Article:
How The PR Girl Manifesto Created A Platform For Female Collaboration


Aug. 24 2017, Published 10:00 a.m. ET

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August 19th was an afternoon filled with goodie bags, sweet treats, and cleverly named cocktails. Most importantly though, it was filled with girl power and networking.

The PR Girl Manifesto hosted its first ever launch party, “Hot Off the PRess (HOTP),” where new friendships, partnerships and business ventures together cultivated. The PR Girl Manifesto is a company that provides aspiring or current female publicists and media mavens with the resources to connect with one another.

With the public relations world being so small, it’s sometimes difficult to feel like you stand out from your competitors. However, this environment encouraged collaboration to become the new competition—a world where there is enough space for all of us at the top, diminishing the feeling of having to be the only winner.

As business cards were passed around, I was able to speak to a few guests of honor and gain an insight of their careers in media and PR.

Kay Brown is the Media Content Creator for the online news outlet Betches; a site written by millennial for millennial women. “Betches is a media publishing company. We have pop culture news articles that are focused towards females, all written in our vernacular. We have two New York Times bestselling books and a podcast called, Betch Slapped. We also have newsletters that go out three times a week called The Sup. It’s all political, but it’s also written in a way that you can understand,” said Brown.

Head over to their Instagram to get your daily dose of relatable funny memes, scour their website for news about your favorite reality TV stars, and subscribe to their newsletter to become the political genius of your friend group.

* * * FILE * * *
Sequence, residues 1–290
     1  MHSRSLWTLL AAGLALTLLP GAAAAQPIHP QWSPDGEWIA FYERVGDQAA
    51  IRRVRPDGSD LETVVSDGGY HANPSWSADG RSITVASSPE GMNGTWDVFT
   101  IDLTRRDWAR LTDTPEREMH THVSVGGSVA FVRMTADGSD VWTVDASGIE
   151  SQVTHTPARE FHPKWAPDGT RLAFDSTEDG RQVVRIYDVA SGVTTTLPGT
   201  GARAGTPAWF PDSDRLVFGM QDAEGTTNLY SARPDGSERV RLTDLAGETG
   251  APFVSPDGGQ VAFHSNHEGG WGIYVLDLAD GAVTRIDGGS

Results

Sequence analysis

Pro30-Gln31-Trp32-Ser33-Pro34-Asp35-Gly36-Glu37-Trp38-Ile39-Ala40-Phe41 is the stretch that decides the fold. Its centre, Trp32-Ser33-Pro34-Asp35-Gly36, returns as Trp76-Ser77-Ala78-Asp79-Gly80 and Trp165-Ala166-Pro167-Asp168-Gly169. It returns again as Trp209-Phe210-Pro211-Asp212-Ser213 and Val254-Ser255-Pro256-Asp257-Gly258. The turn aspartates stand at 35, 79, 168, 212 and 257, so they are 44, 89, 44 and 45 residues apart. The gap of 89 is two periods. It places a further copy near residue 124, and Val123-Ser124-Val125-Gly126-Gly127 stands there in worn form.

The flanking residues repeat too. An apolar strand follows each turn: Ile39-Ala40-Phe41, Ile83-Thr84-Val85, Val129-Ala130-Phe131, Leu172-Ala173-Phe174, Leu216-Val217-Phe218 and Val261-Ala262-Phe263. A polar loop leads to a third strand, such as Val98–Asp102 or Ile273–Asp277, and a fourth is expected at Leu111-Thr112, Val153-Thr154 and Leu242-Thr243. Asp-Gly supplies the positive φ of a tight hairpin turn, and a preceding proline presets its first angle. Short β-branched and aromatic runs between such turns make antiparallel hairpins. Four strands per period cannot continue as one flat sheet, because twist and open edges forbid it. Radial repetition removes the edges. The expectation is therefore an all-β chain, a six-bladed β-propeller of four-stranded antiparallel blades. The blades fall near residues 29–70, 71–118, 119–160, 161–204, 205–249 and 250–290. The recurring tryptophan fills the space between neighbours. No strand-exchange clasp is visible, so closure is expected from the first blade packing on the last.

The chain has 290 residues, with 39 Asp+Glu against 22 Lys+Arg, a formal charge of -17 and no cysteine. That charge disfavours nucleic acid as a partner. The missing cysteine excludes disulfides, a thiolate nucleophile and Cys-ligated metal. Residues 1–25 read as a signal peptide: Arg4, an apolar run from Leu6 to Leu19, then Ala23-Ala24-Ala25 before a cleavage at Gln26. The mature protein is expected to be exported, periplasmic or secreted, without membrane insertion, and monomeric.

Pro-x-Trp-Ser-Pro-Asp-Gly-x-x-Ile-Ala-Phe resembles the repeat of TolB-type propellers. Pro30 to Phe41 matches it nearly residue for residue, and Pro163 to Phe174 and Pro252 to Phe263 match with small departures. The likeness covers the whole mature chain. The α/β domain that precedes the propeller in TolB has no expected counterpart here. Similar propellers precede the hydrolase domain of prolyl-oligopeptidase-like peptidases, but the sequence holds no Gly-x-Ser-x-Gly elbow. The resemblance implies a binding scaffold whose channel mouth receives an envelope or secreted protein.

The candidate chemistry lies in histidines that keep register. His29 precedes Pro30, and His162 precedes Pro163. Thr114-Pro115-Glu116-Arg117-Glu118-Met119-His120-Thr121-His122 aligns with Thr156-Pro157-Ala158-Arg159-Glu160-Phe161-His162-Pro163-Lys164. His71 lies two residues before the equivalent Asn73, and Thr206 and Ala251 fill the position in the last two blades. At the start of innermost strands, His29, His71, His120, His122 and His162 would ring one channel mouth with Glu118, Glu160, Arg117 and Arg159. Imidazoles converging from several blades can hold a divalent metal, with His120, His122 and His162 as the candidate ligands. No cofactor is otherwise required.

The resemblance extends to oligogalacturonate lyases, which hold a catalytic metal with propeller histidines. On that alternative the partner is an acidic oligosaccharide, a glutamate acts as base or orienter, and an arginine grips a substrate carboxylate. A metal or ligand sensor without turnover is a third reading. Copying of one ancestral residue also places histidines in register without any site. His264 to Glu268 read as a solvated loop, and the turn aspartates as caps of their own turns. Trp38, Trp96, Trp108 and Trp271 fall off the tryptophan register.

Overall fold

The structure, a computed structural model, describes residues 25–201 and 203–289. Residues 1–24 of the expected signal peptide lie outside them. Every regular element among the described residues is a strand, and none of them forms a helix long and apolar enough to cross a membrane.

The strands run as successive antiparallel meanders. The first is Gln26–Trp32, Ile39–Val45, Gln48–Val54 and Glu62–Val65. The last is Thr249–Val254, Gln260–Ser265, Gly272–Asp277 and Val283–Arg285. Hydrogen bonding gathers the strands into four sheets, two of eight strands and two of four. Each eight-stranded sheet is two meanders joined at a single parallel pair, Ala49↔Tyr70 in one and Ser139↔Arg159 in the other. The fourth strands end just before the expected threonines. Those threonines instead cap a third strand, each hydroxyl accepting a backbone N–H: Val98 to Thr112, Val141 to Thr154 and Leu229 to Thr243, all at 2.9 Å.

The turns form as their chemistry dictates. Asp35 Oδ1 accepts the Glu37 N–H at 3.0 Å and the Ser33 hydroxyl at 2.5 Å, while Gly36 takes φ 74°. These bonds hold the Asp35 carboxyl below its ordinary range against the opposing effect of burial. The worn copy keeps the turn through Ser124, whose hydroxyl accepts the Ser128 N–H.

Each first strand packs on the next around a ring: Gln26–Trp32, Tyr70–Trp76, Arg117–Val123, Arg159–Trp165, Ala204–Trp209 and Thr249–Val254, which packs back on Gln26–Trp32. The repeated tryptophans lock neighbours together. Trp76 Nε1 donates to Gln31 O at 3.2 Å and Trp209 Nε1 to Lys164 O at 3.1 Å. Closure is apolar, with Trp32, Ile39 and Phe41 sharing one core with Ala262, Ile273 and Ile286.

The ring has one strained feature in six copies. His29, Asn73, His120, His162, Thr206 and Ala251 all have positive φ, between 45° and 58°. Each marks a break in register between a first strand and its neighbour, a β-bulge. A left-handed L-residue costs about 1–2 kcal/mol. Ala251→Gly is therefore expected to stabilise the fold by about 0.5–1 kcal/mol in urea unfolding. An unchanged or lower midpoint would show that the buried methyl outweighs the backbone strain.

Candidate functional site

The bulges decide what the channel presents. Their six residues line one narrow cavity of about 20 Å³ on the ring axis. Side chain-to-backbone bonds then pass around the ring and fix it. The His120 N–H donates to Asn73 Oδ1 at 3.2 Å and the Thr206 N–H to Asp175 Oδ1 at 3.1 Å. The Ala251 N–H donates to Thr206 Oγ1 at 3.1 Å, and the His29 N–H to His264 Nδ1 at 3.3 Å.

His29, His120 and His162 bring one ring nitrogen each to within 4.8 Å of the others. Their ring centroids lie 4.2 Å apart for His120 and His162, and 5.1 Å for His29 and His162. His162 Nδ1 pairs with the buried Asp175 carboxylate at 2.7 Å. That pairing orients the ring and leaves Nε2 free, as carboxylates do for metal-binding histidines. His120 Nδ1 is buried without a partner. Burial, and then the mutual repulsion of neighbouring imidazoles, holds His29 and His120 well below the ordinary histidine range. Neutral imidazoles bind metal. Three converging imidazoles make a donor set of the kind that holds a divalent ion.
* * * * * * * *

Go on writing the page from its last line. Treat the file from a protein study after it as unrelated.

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As if one powerhouse woman wasn’t enough, Janelle Langford, creative director and founder of Suite Public Relations told us how the term “girl boss” isn’t needed when your work proceeds your gender. Langford has worked with well-known brands like Miss Jessie’s and Lexus, and also partners with smaller local brands to help them gain the proper and worthwhile exposure both on and offline.

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“I don’t subscribe to that terminology, I think it’s a trend. I’m just an entrepreneur. I think as women we do have different adversities we are going to experience, and then as women of color, possibly. What’s interesting is just to be a really great entrepreneur, and if you’re a really great one [entrepreneur], nobody’s going to know what the gender of your business is and in some cases they don’t need to know,” Langford said. It’s just a reason to write something in pink.”

As the day progressed, there were more and more women exchanging ideas and information, getting to know the guests of honor, and gushing over freebies.

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Madisen Theobald, 23, is living her dream in New York City working on the digital team at Conde Nast. On her own time, Madisen is a jack-of-all-trades and specializes in web, resume, and logo design.

“Honestly, I feel like I’ve had to hustle a lot and had to teach myself a lot of the business because I knew I had to stand out. I knew in this industry that’s what you need to do.” Theobald told us.

She oversees and coordinates a group of 140 employees in the Advertising Operations, Revenue and Product sector of Conde Nast Co/Lab and gets the chance to have her own Facebook Live fashion segment at Conde Nast Entertainment’s The Scene.

When asked about the adversities being a young women coordinating such a large group of employees, Madisen told us, “Sometimes it’s hard, because sometimes it’s as simple as ‘Can you help me learn how to do this?’ Then it goes all the way up to ‘Can you help me with this proposal?’ So it really does range. I really love it, they all include me as if I were on their own team.”

The day ended with long goodbyes, contact info and social media exchanges, and last minute photo ops. As HOTP winded down, it was safe to say that the event was both inspiring and beneficial.

Whether or not you subscribe to the term “girl boss”, there’s no denying that HOTP was a breeding ground for the future of successful female entrepreneurs and collaboration.


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